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Renaissance Condo Association v. Milner

A-1172-99T2 (N.J. Super. App. Div. 2001) (Unpublished)

CONDOMINIUMS; MEETINGS—A condominium association cannot promulgate or enforce rules by actions taken at board meetings held in violation of the open meetings requirement of the Condominium Act.

The major structure within a residential condominium was a single building, constructed on pilings driven into the sand for support. A major renovation was undertaken and it was discovered that the structural integrity of some of the pilings and woodwork supporting the building had been compromised and repairs were necessary. Before the renovations were completed, the owner of a second floor unit replaced its existing carpeting with a tile floor. Prior to the installation, the owner requested permission from the association to install the tile, but installed the tile before permission was granted. An association board meeting was held where three of the five members attended in person, one attended by telephone, and one did not participate because he perceived himself as having a conflict of interest in the matter. The board met without giving notice to any unit owners, including the owner that had tiled his unit. No minutes were kept of the meeting. The decision was to allow tile in the kitchen and dining room areas of various units, but not in the larger, living room area “both because of the added weight and the potential for noise with respect those second floor living rooms which were over the master bedrooms of the units on the ground level.” The board sent a letter to the unit owner in question and asked that the tile be removed from the living room. After being contacted by the unit owner’s attorney, the board agreed to reconsider the matter. When the board met, according to the meeting’s minutes, the earlier decision was affirmed by a vote of three to one. However, no notice was given to the unit owner with respect to the second meeting and the unit owner was never specifically requested or invited to attend the meeting. In the litigation instituted by the association, the lower court found that the association had no authority in its Master Deed or bylaws to require removal of the tile. Further, the lower court found that the original meeting, at which the board purported to take action claimed to amount to the amendment of the bylaws, was invalid for that purpose. The Appellate Division agreed.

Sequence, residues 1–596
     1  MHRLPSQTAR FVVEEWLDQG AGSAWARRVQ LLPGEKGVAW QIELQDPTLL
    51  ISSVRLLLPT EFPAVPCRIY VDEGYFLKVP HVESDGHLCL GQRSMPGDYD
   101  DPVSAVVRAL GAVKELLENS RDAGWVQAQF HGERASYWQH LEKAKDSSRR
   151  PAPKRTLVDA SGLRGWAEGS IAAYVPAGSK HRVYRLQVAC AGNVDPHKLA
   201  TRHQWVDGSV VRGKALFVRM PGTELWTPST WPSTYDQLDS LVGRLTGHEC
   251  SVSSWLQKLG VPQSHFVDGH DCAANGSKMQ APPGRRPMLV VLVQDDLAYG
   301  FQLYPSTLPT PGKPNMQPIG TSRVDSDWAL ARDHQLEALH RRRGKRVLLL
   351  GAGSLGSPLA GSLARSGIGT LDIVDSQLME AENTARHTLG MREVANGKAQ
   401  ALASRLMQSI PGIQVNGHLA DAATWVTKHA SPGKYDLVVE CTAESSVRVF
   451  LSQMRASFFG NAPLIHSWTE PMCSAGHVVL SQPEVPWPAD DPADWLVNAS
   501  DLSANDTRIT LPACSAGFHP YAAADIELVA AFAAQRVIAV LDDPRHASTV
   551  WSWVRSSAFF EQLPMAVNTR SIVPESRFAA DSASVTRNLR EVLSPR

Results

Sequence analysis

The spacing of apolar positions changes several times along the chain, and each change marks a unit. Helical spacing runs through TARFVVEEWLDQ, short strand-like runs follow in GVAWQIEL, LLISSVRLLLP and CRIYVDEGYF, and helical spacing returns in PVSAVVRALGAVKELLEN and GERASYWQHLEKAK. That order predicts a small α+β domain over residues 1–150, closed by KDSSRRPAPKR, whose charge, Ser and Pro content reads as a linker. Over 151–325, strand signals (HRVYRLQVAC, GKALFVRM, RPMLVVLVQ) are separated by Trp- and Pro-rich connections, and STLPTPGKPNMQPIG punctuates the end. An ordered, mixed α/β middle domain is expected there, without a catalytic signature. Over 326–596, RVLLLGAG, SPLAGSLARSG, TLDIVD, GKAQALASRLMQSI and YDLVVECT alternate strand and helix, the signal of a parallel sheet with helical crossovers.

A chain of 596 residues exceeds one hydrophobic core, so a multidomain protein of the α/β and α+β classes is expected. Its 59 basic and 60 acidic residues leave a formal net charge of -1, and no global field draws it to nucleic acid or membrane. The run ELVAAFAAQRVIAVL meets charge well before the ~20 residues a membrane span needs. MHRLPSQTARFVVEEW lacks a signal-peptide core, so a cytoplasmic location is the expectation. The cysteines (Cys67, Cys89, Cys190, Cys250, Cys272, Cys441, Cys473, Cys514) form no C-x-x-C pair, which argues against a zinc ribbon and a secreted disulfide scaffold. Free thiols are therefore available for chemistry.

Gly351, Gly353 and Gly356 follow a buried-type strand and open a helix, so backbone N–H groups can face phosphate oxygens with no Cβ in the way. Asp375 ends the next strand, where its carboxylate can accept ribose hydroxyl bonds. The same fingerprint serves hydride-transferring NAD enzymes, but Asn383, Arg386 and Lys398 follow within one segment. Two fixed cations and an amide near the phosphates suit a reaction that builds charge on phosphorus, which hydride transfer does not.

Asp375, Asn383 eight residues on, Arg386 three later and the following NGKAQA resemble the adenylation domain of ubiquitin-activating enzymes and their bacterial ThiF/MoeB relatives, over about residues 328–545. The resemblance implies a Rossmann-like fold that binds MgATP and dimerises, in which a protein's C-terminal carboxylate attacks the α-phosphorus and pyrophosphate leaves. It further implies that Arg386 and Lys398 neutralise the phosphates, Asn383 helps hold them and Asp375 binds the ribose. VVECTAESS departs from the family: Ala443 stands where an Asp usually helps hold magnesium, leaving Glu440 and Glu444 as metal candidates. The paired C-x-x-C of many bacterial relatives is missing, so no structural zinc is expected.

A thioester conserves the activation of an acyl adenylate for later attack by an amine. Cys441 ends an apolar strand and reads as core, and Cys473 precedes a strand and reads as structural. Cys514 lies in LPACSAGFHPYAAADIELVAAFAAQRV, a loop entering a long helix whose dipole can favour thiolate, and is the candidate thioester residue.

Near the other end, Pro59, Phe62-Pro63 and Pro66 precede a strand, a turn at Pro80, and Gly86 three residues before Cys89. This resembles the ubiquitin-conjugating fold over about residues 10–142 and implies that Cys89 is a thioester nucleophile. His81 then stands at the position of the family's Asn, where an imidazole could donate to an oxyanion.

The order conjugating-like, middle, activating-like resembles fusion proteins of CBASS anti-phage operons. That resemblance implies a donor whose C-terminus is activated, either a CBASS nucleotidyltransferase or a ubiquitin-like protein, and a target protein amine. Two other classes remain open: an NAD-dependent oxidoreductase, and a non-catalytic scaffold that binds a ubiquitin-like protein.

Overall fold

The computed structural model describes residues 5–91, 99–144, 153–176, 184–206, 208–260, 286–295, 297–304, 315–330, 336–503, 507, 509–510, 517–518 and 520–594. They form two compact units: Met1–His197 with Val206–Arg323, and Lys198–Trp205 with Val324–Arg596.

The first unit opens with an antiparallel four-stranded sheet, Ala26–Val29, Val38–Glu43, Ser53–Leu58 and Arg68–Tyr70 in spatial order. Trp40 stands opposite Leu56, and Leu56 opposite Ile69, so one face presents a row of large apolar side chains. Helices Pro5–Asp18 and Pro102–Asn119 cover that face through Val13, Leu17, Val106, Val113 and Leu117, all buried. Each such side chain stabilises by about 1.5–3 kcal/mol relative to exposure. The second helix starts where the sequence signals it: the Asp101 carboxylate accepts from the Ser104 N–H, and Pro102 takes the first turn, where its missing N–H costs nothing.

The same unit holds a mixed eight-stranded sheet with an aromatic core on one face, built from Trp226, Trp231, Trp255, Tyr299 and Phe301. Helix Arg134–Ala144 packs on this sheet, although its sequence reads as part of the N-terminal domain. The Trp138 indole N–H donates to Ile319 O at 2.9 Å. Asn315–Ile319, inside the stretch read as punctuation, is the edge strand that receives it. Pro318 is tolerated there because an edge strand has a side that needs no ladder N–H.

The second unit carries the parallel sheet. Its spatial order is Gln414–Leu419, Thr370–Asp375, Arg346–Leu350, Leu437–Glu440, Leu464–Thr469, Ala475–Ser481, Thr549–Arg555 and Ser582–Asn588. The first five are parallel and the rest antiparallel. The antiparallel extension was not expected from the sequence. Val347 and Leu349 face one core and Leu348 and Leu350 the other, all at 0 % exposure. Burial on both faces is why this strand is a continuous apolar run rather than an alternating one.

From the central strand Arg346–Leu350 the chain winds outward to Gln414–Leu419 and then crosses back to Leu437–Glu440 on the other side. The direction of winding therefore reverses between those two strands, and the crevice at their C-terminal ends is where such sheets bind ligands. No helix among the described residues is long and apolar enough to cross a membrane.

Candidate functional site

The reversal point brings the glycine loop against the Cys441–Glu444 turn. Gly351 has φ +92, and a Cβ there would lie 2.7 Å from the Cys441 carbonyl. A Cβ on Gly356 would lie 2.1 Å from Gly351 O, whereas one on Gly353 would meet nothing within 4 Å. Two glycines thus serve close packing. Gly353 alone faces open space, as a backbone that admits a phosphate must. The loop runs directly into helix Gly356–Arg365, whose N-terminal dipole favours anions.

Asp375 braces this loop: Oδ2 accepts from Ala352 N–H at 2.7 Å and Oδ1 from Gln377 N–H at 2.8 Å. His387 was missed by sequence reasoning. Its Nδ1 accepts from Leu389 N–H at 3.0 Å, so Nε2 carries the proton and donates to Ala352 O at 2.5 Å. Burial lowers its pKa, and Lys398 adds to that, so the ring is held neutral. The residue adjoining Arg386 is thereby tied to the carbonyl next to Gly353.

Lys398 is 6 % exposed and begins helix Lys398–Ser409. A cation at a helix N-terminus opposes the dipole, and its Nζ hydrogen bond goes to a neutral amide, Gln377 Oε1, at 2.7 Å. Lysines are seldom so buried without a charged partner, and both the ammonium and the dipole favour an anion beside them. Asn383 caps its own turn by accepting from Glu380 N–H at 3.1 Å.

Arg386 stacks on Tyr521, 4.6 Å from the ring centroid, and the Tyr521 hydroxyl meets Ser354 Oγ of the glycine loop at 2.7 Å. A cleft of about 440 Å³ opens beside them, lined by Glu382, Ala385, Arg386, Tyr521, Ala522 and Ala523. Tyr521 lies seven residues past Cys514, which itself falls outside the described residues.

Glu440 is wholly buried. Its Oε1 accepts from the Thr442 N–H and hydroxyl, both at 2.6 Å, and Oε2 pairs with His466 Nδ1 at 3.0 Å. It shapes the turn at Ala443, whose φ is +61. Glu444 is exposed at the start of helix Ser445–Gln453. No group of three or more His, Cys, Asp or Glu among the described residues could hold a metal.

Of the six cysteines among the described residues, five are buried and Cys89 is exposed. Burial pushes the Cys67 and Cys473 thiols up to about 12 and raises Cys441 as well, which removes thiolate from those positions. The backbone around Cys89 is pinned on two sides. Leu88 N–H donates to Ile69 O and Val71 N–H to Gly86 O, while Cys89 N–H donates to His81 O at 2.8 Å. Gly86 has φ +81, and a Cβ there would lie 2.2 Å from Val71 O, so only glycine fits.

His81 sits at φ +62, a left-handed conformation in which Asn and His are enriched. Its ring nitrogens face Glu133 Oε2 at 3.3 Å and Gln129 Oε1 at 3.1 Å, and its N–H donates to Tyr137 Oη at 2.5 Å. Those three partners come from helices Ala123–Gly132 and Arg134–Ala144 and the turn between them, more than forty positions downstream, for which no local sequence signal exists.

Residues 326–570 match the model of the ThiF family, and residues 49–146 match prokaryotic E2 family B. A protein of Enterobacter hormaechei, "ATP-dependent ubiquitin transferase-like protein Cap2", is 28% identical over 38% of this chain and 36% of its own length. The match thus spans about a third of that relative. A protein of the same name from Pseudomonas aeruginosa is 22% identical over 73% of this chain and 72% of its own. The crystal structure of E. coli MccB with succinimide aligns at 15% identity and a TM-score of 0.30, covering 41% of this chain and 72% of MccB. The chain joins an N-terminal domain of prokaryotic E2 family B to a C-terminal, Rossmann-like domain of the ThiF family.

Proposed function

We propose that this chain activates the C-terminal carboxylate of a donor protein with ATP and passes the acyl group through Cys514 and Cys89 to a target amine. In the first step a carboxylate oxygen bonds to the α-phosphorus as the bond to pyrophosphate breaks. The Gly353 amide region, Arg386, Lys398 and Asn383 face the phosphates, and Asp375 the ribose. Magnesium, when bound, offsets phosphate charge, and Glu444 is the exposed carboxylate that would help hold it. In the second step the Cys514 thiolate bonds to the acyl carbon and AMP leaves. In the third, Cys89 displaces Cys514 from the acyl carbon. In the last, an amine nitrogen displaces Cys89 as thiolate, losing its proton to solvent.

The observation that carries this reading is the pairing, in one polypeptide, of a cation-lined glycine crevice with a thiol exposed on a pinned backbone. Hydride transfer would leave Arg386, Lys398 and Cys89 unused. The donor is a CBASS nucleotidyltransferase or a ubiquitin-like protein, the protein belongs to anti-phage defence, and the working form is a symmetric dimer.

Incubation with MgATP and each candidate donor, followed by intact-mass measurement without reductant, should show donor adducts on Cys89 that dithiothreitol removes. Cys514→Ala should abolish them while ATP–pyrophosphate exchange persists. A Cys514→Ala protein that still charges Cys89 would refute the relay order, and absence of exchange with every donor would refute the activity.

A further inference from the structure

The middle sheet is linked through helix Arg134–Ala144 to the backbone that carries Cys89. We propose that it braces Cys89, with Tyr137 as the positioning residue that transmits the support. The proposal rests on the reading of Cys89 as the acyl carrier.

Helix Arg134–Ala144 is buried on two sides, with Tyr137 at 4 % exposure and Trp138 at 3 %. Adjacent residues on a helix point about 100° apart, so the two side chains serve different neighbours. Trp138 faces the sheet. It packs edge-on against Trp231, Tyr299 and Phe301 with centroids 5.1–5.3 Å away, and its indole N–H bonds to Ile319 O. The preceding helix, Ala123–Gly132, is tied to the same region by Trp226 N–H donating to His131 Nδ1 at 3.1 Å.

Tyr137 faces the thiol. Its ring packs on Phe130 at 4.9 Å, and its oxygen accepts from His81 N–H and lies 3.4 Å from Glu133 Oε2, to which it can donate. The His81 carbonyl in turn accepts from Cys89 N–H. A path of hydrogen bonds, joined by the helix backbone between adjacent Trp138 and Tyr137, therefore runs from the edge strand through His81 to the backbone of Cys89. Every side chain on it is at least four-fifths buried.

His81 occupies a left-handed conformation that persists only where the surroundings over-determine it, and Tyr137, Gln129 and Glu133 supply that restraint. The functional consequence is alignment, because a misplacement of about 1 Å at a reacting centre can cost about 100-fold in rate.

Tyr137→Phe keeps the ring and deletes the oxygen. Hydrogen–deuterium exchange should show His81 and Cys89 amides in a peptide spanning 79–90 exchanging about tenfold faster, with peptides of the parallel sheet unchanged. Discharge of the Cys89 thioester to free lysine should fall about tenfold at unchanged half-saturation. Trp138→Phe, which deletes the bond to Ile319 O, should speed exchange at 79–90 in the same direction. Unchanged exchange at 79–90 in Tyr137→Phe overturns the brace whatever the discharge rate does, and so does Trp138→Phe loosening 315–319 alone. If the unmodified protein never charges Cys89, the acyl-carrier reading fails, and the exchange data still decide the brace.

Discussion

Under the New Jersey Condominium Act, association board meetings at which “binding votes are to be taken” must be open to all unit owners and the unit owners must receive “adequate notice” of the meeting and the topics to be addressed at the meeting. Also, it is required that minutes of the proceedings be taken and made available to all unit owners before the next meeting. Further, bylaw amendments may only be passed at a meeting of the association “duly constituted for such purpose” with prior written notice concerning the exact language of the proposed amendments. According to the Court, these provisions “were clearly intended to reflect fundamental due process requirements.” As a consequence, the votes taken at both meetings were invalid and could not bind the unit owner. There was, however, a provision of the bylaws providing authority for the board to “set minimum standards for floor coverings installed by all unit owners in buildings,” but the board’s actions at the meetings did not amount to the promulgation of the set of standards for floor coverings. Rather, they amounted to an ad hoc decision concerning ceramic tiles arising out of a particular unit owner’s actions. While it is true that both the Master Deed and the Condominium Act prohibited unit owners doing anything that would impair the structure and integrity of any building, this was not a situation where it was obvious that structural integrity would be affected. If the board wished to take the position that the tiling would affect structural integrity, “it was incumbent upon the Board to present [the unit owner] with such evidence.” This is an extension of the board’s obligation to act reasonably and in good faith. Not having done so, the board could not enforce its order that the tile be removed.

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